Farmers attack plan to revamp rural policy aid

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Series Details Vol.4, No.7, 19.2.98, p5
Publication Date 19/02/1998
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Date: 19/02/1998

By Myles Neligan

EU RURAL development funds would be concentrated on the Union's poorest areas and farming subsidies diverted to make up the shortfall in other regions, under new European Commission proposals to be unveiled next month.

But while the proposed reform is in line with Commission plans to simplify procedures and target expenditure more effectively, Union farmers have already protested that the new package is "incoherent" and will compromise their all-important market support payments.

The proposal, due to be adopted by the full Commission on 18 March, constitutes the most far-reaching overhaul of the Union's unwieldy rural development policy in 30 years.

If national governments endorse the plan, 60 existing EU rural development instruments will be incorporated into a single framework regulation.

At the same time, expenditure from the 'guidance' section of the European Agricultural Guidance and Guarantee Fund (EAGGF), which currently finances most EU rural development programmes, will be targeted exclusively at the Union's poorest 'Objective 1' areas.

Rural development projects outside these areas will be financed from the EAGGF guarantee section - traditionally reserved for more expensive and politically sensitive market support measures - imposing an extra financial burden of approximately 2 billion ecu or 5% of total annual expenditure on its budget.

The Commission argues that this strategy would maximise the impact of rural development spending, contrasting it favourably with the current fragmented approach.

Officials also point out that a greater number of programmes would benefit from the guarantee section's more regular payment schedule. "This is a well thought-out proposal, which should attract widespread support amongst the member states," claimed one.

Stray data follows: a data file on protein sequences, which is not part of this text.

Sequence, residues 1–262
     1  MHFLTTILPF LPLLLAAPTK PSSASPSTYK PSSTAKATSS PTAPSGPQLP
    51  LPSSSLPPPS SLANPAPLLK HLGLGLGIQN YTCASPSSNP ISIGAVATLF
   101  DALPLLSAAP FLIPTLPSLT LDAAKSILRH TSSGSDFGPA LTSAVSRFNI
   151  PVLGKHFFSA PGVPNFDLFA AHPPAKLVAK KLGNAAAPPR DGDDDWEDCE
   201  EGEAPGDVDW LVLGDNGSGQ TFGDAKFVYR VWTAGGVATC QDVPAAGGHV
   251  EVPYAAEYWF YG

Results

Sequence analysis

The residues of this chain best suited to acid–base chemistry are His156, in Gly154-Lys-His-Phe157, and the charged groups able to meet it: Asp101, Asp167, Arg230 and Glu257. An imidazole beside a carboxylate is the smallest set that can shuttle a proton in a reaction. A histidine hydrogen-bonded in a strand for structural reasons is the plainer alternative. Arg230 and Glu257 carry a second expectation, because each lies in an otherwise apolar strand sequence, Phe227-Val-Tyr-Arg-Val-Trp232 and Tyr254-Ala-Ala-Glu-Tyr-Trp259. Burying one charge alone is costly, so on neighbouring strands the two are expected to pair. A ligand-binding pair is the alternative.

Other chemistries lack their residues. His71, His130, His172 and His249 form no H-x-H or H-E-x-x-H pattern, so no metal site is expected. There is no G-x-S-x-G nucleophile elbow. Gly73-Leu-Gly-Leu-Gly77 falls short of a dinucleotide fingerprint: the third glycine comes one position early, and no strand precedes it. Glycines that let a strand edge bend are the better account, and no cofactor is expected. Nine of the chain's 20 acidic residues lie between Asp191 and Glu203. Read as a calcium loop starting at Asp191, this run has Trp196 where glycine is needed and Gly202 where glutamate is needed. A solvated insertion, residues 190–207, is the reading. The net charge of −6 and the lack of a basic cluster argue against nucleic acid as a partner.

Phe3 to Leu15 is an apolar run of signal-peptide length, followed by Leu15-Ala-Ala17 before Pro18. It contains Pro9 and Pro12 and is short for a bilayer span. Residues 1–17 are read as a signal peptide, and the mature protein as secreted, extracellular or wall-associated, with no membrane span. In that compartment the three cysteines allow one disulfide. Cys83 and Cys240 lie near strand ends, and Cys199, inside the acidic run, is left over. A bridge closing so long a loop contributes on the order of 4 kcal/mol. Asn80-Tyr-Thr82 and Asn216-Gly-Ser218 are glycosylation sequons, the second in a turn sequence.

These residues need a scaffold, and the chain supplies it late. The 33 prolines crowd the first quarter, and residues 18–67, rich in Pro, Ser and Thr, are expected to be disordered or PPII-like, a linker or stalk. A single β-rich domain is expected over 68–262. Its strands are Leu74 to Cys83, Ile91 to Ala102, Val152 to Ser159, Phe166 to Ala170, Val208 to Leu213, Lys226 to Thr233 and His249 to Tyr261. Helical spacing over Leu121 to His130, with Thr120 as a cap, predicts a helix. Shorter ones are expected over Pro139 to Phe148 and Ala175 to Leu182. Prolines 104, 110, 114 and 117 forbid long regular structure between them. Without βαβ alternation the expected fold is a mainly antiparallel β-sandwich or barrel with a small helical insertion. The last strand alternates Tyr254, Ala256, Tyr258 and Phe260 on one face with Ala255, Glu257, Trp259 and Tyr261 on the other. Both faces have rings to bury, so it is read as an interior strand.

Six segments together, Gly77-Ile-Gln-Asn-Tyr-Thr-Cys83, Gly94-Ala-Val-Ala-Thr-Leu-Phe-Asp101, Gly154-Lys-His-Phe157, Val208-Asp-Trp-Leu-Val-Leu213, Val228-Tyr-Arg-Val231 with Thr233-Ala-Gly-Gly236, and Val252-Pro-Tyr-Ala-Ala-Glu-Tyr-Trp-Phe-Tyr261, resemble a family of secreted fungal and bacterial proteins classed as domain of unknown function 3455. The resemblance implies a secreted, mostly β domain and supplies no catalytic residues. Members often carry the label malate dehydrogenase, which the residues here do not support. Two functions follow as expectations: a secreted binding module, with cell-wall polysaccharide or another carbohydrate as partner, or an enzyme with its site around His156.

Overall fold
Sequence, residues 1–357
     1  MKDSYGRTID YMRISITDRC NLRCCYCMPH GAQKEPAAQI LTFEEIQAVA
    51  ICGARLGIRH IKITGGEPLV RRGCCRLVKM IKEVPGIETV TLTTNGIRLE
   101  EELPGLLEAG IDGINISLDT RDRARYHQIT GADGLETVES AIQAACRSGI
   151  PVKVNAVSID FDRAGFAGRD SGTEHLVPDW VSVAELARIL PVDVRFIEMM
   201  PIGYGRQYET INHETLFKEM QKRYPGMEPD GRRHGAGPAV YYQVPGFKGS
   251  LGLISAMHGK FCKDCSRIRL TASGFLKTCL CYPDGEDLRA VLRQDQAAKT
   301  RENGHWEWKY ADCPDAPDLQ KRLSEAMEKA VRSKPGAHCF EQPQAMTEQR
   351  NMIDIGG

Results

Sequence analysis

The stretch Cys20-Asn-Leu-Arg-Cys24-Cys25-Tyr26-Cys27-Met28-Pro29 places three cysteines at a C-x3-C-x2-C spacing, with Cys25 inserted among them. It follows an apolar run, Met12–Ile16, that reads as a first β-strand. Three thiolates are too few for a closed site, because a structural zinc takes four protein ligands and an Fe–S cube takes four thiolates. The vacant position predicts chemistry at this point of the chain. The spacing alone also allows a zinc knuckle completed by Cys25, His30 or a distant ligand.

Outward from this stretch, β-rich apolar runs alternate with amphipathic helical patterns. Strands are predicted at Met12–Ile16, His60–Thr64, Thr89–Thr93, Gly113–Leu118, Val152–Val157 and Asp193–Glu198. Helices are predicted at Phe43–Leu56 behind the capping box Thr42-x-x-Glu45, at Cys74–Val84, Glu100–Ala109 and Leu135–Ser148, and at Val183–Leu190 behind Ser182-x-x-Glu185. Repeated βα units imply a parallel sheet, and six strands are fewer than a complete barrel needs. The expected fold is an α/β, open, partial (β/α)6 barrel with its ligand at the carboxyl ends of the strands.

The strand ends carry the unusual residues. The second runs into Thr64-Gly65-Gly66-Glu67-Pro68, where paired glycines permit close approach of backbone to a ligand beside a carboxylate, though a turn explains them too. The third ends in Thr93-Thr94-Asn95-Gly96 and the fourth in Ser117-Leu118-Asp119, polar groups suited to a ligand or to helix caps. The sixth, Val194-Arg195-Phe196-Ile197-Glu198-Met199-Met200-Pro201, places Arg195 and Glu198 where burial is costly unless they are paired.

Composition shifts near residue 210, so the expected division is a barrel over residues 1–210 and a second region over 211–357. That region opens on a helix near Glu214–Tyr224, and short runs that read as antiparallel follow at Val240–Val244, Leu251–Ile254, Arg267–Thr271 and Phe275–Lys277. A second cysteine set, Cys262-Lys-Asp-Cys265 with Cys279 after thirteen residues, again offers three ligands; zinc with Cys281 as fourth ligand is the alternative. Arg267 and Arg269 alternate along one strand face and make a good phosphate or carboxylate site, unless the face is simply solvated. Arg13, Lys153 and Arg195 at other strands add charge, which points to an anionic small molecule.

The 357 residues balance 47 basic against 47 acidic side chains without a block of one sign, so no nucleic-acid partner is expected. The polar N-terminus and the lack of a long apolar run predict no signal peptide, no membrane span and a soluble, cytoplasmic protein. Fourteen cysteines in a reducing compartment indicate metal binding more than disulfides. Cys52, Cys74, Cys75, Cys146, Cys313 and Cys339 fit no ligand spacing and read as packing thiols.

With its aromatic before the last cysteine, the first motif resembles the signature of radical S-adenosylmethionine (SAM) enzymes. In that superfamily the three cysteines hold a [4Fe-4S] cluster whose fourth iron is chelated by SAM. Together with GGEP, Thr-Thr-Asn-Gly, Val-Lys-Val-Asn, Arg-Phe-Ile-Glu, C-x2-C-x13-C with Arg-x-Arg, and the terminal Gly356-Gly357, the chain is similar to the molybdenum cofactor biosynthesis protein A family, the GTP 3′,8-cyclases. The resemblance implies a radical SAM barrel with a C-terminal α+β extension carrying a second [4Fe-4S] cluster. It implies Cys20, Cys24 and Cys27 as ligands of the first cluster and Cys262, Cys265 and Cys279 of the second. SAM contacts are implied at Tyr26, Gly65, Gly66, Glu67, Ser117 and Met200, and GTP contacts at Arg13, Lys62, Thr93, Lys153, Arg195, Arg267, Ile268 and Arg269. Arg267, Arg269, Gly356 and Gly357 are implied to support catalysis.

However, EU farmers' association COPA is highly critical of the plan, rejecting the proposed reallocation of funds and protesting that most rural development measures are not an appropriate use of market support money.

"It is incoherent to use a fund designed to disburse monthly market support payments to pay for long-term rural development projects. We also feel, as a matter of principle, that guarantee fund expenditure should be reserved for measures that are of direct relevance to agricultural production. This would not include, for example, the restructuring of rural villages," said a COPA representative.

COPA has long insisted that the structural adjustment of the EU's rural areas can only be successfully completed if extra funds, over and above the existing agricultural guideline, are made available.

Officials within the Commission acknowledge that the proposal's failure to send out a signal of support to young farmers is also likely to attract strong criticism. Despite repeated calls for an increase in the level of assistance to first-time farmers faced with huge start-up costs, the draft framework regulation merely rolls over the existing aid arrangements.

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